'I Am Secretly an Important Man' is a portrait of writer and poet Steven J. Bernstein (aka Jesse Bernstein), one of Seattle's most celebrated and troubled voices. His angry, surprisingly ... See full summary »
James Cromwell presents a feature documentary on the War on terror's impact on civil liberties and the strange coalition it may create between the progressive left and libertarian right on these issues.
Doctors, nutritionists, authors and entrepreneurs from 4 countries share why they choose to go against conventional health wisdom to promote Paleo. The film also reflects on how they were profoundly transformed by the lifestyle beforehand.
Climb inside the mind of a sociopath; an office worker kills his way into management but gets into trouble with his talkative girlfriend and a corrupt detective. Jim Collins has decided to ... See full summary »
Vincent Ernest Siders,
The son of an American coffee importer forms an unlikely bond with his Colombia counterpart. This romantic comedy follows the pairing of two 20-somethings thrown together by a business feud that may result in an even more unlikely romance.
Every year since 1969 the best three fried fish restaurants in the northeast have competed in the Golden Scallop Championship. The 43rd annual pits a food truck seeking redemption, an aging... See full summary »
Rachel Dolezal became infamous when she was unmasked as a white woman living as the black head of her local N.A.A.C.P. chapter. Her unbelievable story issued a direct challenge to the sensitive topics of race and identity, while playing into the age of viral media. Whether she was hated or simply misunderstood, Dolezal touched a collective nerve in the racially charged contemporary, causing her to burst into the public consciousness. Filming exclusively with Dolezal, her sons, and her adoptive sister Esther, documentarian Laura Brownson delves into the motivations and personal life of this divisive and controversial figure; in doing so, she explores the troubled past that has informed Dolezal's confusing present and uncertain future. Executive produced by Academy Award®-winner Roger Ross Williams, The Rachel Divide is a fully realized portrait of a life more complex than any tabloid would lead its readers to believe. The film demands the question: Is Dolezal truly "trans-black," as ...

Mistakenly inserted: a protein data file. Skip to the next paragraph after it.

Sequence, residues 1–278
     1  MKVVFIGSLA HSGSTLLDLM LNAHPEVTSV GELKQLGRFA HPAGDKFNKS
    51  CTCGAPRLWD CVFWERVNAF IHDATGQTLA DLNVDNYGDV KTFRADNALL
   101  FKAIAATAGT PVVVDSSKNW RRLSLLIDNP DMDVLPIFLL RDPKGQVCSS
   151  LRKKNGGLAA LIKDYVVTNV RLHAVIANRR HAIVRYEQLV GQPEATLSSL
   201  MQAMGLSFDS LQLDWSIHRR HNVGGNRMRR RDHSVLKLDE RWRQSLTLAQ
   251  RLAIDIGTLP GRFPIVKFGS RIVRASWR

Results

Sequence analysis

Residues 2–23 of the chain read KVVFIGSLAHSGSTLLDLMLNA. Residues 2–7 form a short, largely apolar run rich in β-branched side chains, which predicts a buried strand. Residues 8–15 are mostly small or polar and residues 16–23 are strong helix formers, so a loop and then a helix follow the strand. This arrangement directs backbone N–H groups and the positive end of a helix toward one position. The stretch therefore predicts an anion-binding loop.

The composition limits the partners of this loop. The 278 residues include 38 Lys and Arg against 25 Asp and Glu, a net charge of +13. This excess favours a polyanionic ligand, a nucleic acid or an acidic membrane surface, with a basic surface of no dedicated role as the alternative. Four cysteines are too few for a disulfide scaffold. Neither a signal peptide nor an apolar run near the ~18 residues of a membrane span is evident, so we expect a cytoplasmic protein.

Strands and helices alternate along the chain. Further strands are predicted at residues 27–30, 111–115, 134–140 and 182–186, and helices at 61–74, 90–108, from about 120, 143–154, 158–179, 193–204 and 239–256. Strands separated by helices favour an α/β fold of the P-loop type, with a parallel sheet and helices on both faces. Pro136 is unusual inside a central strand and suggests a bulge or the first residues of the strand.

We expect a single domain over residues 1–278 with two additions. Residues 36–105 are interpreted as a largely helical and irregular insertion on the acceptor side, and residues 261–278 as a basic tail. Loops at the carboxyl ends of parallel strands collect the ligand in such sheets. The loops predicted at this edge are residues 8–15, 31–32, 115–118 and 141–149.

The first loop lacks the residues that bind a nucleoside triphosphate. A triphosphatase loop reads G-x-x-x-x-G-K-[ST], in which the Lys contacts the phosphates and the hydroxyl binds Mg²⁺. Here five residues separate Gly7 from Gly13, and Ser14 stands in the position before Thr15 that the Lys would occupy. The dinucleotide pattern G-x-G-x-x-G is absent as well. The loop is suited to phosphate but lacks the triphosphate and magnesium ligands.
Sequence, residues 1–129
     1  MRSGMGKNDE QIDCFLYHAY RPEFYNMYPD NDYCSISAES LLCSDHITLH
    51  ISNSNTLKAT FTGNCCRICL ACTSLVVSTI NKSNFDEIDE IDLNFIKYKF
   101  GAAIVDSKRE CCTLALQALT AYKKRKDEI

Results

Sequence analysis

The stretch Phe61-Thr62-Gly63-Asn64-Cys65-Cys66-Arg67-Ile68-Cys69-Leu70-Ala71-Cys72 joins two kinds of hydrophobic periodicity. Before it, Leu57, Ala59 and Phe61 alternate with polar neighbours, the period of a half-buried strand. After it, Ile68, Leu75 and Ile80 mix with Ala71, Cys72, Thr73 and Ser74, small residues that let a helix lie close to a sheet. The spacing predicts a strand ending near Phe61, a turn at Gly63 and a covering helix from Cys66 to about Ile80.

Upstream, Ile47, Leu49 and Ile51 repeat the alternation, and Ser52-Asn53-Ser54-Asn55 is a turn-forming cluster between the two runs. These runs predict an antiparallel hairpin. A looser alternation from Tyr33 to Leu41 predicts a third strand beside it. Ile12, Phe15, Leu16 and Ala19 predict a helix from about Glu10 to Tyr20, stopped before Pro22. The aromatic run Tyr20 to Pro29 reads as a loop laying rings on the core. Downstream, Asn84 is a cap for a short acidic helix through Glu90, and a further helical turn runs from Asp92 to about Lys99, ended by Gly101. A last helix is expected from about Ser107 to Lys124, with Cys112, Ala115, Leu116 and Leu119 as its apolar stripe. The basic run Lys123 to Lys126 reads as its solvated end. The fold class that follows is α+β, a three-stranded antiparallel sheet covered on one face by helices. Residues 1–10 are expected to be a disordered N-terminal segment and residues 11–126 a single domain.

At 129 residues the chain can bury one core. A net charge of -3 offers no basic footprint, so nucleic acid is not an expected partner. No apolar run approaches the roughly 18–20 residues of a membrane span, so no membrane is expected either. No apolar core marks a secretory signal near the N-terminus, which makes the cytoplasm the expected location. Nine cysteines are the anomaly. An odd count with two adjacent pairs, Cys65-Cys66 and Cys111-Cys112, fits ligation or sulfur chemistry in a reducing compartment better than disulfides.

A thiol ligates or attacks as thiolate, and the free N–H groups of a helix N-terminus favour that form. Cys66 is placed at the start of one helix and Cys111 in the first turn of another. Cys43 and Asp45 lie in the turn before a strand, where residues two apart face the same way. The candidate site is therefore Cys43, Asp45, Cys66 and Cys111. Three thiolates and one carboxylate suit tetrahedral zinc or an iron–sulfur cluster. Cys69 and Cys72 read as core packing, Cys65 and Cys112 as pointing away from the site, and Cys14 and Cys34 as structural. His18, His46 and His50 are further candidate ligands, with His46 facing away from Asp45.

The concept interested me because I had heard much indirect explanation of this woman's claims of blackness but had never spent any time researching the real story. This documentary tells the real story, which I had heard in its entirety through all the second-hand reports: a white woman spent a large portion of her life pretending to be black, to the point of convincing herself that a choice to be so would make her actually so, and through her pretense actually rose to a position of social importance among civil rights groups. She does much complaining on camera about how much of a joke everyone treats her as, but even those who love her (friends and family) repeatedly iterate in veiled terms that it's all just an awkward ruse no one is benefiting from.
I was especially interested in the story because of a (former) friend of mine from college who had pulled the same stunt, dressing like, acting like, and even going so far as claiming black heritage. The documentary showed me the same socially confused and insecure fraud as I had already seen in my one time friend.
I can accept embracing a culture that isn't your own because its lifestyle and symbology appeal to your needs and tastes, and I personally find the entire concept of "cultural appropriation" to be an absurd hoax grounded in a fundamental misunderstanding of how culture works, but the idea of "bi-riacial" identity not only works as a laughably poor excuse for this woman's obvious black-faced life, but it belies the reality of why racism is scientifically, and more importantly morally, false.
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